Peter Skene Secondary grad Noah Geerts has kept the Governor General’s Medal for Academic Excellence in the family.
Geerts, 16, is the latest recipient of the prestigious medal – awarded to his sister Maya last year – after graduating a year early with a 99.1 per cent average. Geerts gripes that his 95 per cent in English 12 brought his average down.
“In Grade 9, I started doing some extra courses. I did English 10 in Grade 9 and kept taking as many 10, 11 and 12 courses as I could (from there),” he said. “I was getting a little bit bored, I guess, so I wanted to take some more interesting and difficult classes. I just wanted more to do.”
PSO Principal Geoff Butcher said he wasn’t surprised Geerts has earned the award, created in 1873 to recognize students graduating with the highest average from high school. He described Geerts as an outstanding student with a natural “ease for learning.”
“He takes really easily to learning. He’s a natural at it and I fully expect things will go well for him in post-secondary,” Butcher said. “Looking at Noah’s list of subjects, he’s got Physics, Calculus and Chemistry so he’s not taken an easy road in high school. Ninety-nine per cent kind of tells it all, it’s pretty hard to get 100 in everything but I’m sure Noah would like to.”
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Geerts plans to attend the University of British Columbia’s Okanagan Campus in Kelowna to earn a Bachelor of Science degree. Although his plan is to major in computer sciences, he said he might also take some courses to set him up for a career in physics or engineering.
“Right now, I really would like to become a software developer for Google or Facebook or someone in the Silicon Valley,” Geerts said. “(I’d also) like to go skiing in various countries. I love downhill skiing and I want to see different places and mountains, especially the Alps.”’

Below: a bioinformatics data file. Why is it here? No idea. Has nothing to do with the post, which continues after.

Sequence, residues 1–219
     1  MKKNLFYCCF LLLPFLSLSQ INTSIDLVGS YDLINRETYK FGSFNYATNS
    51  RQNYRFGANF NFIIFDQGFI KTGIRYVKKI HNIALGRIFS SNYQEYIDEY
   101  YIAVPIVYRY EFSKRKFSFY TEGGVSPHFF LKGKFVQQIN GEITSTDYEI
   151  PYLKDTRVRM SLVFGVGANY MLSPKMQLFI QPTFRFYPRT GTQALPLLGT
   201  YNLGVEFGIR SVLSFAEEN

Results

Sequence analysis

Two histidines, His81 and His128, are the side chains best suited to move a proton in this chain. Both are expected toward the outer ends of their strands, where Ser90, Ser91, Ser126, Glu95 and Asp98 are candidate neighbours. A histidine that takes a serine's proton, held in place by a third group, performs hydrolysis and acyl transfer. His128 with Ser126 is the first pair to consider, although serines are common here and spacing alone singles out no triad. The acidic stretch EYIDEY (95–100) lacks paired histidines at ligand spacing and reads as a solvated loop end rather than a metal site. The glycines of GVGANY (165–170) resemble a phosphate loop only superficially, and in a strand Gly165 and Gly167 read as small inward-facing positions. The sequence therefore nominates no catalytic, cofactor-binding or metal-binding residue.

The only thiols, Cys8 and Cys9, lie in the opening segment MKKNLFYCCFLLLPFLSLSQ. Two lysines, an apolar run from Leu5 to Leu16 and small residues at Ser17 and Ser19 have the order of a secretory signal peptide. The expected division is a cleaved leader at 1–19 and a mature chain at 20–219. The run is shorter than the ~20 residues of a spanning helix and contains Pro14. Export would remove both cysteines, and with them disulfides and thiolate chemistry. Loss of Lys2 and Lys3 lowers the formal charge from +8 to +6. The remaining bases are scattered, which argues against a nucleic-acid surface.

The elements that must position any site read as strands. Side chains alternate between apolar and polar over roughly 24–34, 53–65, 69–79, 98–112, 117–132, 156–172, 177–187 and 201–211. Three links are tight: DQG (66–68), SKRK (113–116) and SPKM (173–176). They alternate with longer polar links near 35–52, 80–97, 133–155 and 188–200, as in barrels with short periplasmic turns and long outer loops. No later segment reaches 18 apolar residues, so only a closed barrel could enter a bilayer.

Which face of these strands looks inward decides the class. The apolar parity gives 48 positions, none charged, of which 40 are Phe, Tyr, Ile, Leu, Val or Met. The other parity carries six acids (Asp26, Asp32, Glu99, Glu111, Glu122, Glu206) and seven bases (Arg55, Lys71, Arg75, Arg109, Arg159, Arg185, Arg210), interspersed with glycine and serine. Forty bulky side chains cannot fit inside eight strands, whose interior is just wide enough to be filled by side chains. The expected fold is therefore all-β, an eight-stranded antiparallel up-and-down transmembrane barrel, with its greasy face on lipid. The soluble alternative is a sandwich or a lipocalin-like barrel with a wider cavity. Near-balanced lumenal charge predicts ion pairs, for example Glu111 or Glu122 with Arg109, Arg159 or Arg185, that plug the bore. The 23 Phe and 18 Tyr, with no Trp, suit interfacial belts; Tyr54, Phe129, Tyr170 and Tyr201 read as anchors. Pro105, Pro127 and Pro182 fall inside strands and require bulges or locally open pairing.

Geerts said his favourite memory of high school is of his Grade 8 math class. He and his friends used to sit by the windows and, every day, his friend Amy Jordan would joke about jumping out the window. One day Geerts decided he’d actually do it and hopped out the window, much to the amusement of his classmates and teacher.
Having spent most of his childhood in the South Cariboo, Geerts said he enjoys mountain biking, reading, playing video games and going for a nine-kilometre run every day to keep fit. This summer he’s working as a land surveyor for Michael Kidston Land Surveying to earn some money for school. Geerts said he enjoys the engaging nature of the work and is having fun with the job.
His advice to his former classmates is to do whatever they enjoy in life.
“Pursue whatever makes you happy.”